I hasten to add here that I do not mean to ignore the reality that political and economic elites are the dominant players behind the scenes and even on the public stage, or to overlook the fact that the people we elect to represent the citizenry are largely beholden to ruling elites. Indeed, our democratic culture is thin, not thick. Accordingly, my sense of democracy leans toward dissent, specifically deliberative dissent, which I take to be a constructive means of strengthening the hand of an otherwise politically marginalized citizenry. Dissent that is deliberative cannot be just fast paced; it requires a degree of critical immersion in full texts that are necessarily partisan but not necessarily totalizing or polarizing, texts that reflect the contingencies and complexities of political life revealed in different perspectives.
I cannot escape my own partisanship in endorsing slow reading of full political texts, but I can entertain the belief that there are partisans of a different persuasion who are slow, thoughtful readers. Indulging ourselves exclusively in fast-paced political communication and truncated texts reduces to near zero the chance of understanding one another well enough to coexist politically. Rich texts carefully and closely read hold out the promise of enhancing democratic culture.
Many, probably most, of the US citizenry recognizes the difference of pace that distinguishes Barack Obama’s political talk from Donald Trump’s. Obama’s texts are full and nuanced. When Obama addressed the deteriorating state of US democracy, in an hourlong speech at the University of Illinois on September 7, an address that was explicitly critical of the current president and his divisive politics of fear, Donald Trump dismissed the speech as boring. The whirlwind of our digital age included headlines that featured confrontation, such as the online New York Times’ “Obama Lashes Trump in Debut 2018 Speech. President’s Response: ‘I Fell Asleep.’” The Guardian, in a link attached to its main online story, offered a quick summary of the speech organized into a list of takeaways: on Donald Trump, on the politics of division, on the answer to Trump, on racists, on the freedom of the press, on Republicans and Congress, on Democrats, on common ground, on women and politics, on the power of voting, and don’t tweet, vote. This summary was more extensive than most, and thus may not have been read as often as shorter summaries.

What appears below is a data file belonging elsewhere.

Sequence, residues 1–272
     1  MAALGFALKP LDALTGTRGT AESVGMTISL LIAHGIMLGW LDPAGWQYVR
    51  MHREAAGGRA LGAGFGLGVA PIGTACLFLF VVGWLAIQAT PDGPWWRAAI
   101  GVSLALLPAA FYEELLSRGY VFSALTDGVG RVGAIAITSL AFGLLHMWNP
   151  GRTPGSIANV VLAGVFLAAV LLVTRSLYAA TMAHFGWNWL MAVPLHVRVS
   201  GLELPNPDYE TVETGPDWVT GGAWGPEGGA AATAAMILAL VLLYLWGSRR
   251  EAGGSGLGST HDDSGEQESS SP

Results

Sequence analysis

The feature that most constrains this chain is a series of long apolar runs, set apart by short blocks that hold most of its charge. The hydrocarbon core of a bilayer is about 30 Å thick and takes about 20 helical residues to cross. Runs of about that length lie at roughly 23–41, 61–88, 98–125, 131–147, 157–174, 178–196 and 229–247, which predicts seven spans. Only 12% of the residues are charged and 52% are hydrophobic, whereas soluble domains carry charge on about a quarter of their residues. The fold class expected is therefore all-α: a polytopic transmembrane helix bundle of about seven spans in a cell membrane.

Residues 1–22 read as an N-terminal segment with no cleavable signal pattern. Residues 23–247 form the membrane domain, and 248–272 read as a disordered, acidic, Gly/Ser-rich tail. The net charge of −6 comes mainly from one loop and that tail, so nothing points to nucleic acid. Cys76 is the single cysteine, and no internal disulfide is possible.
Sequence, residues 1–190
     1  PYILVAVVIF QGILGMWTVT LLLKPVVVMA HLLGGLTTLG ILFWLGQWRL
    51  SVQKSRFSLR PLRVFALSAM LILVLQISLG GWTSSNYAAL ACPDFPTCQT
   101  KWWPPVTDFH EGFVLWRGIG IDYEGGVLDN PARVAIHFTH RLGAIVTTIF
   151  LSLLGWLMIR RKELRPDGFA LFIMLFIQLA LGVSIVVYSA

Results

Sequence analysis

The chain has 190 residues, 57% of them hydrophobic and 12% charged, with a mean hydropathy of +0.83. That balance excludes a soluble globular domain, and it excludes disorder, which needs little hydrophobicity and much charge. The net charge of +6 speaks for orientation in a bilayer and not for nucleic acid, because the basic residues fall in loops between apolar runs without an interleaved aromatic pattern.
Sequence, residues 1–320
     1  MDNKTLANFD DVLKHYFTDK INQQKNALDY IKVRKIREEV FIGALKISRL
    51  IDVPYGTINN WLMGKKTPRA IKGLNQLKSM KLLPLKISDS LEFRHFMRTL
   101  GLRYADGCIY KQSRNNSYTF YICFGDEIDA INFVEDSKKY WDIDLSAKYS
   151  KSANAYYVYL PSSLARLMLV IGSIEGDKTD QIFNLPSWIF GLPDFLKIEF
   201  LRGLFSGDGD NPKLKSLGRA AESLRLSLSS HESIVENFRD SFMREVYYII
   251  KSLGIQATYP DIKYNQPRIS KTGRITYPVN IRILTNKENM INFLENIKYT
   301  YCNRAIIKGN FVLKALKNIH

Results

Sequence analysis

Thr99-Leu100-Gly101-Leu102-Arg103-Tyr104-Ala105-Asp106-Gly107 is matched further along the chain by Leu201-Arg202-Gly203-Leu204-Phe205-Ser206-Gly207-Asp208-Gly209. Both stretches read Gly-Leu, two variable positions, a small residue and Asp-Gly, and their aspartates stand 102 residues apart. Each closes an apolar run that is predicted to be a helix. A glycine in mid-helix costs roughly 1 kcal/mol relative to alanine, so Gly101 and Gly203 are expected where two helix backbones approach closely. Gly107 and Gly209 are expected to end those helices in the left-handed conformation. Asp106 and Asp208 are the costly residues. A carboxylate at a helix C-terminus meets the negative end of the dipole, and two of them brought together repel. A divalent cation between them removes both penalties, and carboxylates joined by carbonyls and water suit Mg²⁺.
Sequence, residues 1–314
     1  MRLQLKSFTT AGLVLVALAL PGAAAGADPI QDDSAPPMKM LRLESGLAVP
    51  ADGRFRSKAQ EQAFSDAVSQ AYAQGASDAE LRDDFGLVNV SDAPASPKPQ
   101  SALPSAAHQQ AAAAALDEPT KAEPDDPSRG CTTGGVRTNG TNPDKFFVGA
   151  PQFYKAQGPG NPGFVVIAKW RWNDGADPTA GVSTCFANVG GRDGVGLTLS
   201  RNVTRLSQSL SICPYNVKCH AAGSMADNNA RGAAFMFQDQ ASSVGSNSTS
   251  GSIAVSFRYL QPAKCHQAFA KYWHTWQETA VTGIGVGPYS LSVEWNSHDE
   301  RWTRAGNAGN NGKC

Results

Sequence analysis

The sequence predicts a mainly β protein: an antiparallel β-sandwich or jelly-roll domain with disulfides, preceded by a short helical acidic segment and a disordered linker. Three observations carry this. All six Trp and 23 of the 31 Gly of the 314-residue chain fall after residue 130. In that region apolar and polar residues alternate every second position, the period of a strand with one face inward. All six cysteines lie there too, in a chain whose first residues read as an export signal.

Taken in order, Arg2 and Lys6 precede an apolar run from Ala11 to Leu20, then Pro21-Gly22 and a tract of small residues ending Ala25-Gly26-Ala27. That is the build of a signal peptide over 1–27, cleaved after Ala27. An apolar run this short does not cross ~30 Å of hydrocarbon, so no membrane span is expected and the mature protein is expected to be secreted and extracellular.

It does not take long to find the full text of Obama’s address. I found the speech transcript at Time.com and a video of it on YouTube uploaded by the University of Illinois. It is readily available elsewhere on the internet, including at NPR.
Of course, there is no single, definitive close reading of Obama’s text. I came to the speech looking for some insight into how a hyperpolarized citizenry might engage the political process more constructively. Thus, I find myself focusing mostly on what he has to say about finding common ground to promote social progress democratically. He covers a lot of topics in this speech, each with its own trajectory, and says a great deal to inspire his young audience to get out the vote in the upcoming election. But what Obama says about finding common ground and conducting our politics democratically intersects with his critique of President Trump, the ruling Republican Party, and the rest of Obama’s views on racism, sexism, freedom of the press, and voting.